FRESNO, Calif., June 5, 2012 /PRNewswire-USNewswire/ -- The California Department of Industrial Relations' (DIR) Division of Occupational Safety and Health (Cal/OSHA) Chief Ellen Widess announced today that Cal/OSHA is actively investigating two suspected heat related deaths in the 2012 summer heat season. Widess reminds employers to be vigilant to protect outdoor workers from the hazards of heat this summer by taking the basic steps of water, shade, rest, and training.
"While our field inspections reveal that many employers are complying with California's first in the nation heat standard, we are deeply concerned that some employers are still not providing the basic protections to their workers," said DIR Director Christine Baker. "We will use all our resources and expand partnerships with labor and employers to protect workers in all outdoor occupations this summer."
The most recent suspected heat related death occurred Friday afternoon and involved a 66 year old farmworker who collapsed in Coalinga while pruning fruit trees in high heat conditions. The other case under investigation involves an 18 year old masonry worker in a small construction business in Friant who on May 9 fell unconscious as the crew was cleaning up for the day and died the following day.
"Persistent training, outreach and enforcement efforts have made a big difference in compliance among many of these employers," noted Cal/OSHA Chief Ellen Widess. "Sadly, we are now investigating two suspected heat related deaths this season."
"We immediately responded in each case to determine what happened and whether there were violations of the heat standard," continued Cal/OSHA Chief Ellen Widess. "We will be out there in full force throughout the state all summer—through scheduled inspections and local 'heat wave' inspections when temperatures soar-- to ensure compliance with the heat standard and to save workers' lives."
This spring, Cal/OSHA launched an extensive campaign to ensure that all outdoor workers are protected from heat illness. The campaign combines outreach and education with strong enforcement to ensure that all employers with outdoor workers know and comply with the Heat Standard. The target industries are agriculture, construction, and landscaping, with additional focus on other industries such as oil and gas and utilities.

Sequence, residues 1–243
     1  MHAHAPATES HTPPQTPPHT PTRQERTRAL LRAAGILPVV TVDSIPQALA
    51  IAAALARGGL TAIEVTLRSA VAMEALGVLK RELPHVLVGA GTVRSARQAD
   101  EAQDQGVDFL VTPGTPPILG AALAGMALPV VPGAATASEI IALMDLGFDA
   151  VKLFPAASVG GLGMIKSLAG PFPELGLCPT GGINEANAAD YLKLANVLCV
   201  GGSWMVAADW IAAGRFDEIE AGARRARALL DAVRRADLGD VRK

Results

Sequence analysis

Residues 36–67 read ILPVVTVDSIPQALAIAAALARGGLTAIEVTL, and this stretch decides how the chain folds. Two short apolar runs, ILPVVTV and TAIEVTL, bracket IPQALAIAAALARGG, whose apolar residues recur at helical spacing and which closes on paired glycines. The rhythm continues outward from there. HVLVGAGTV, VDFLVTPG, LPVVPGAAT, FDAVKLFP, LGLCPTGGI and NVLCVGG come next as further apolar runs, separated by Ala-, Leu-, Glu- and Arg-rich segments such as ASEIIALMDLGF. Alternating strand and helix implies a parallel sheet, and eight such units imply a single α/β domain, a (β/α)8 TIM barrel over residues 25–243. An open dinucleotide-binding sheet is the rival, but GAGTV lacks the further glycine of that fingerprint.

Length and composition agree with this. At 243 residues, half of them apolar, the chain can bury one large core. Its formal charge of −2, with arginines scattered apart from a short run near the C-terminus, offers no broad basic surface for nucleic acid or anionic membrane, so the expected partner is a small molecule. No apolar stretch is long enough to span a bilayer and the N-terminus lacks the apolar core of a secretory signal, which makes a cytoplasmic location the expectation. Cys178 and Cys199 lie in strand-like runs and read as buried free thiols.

Cal/OSHA has partnered with agricultural and construction industry groups, insurance carrier and others again this year in order to provide training and outreach to employers, supervisors and work crews on heat illness prevention. To date, over 60 free sessions have been held this year.
Community outreach also continues in order to meet the challenge of reaching the state's most vulnerable workers who speak Spanish, Hmong, Punjabi, Mixteco, Triqui and other indigenous languages. The outreach is taking place with the partnership from multiple community based organizations ranging from the University of California labor programs in Davis, Berkeley and Los Angeles to Mexican Consulates, churches and other groups across the state.
California's heat illness prevention standard, the first in the nation, was strengthened in 2010 to include a high heat provision that must be implemented by five industries when temperatures reach 95 degrees. These procedures include observing employees, closely supervising new employees, and reminding all employees throughout the shift to drink water. The specified industries include agriculture, construction, landscaping, oil and gas extraction and transportation or delivery of agricultural products, construction material or other heavy materials.
Employers and employees can learn more about Cal/OSHA regulations and how to reduce workplace injuries and illnesses by checking the DIR website. For more information on Cal/OSHA's heat illness prevention requirements and training materials, please visit Cal/OSHA's Heat Illness web page, or the "Water Rest Shade" campaign site at www.99calor.org/campaign.
Cal/OSHA's Consultation Unit ((800) 963-9424) provides free information and training on occupational safety and health hazards and ways to protect workers from heat illness, confined space hazards and other workplace hazards. Consultation Services' offices throughout the state are posted on Cal/OSHA's website.
Employees with work-related questions or complaints, including heat illness, may call the California Workers' Information Hotline at (866) 924-9757.
SOURCE California Department of Industrial Relations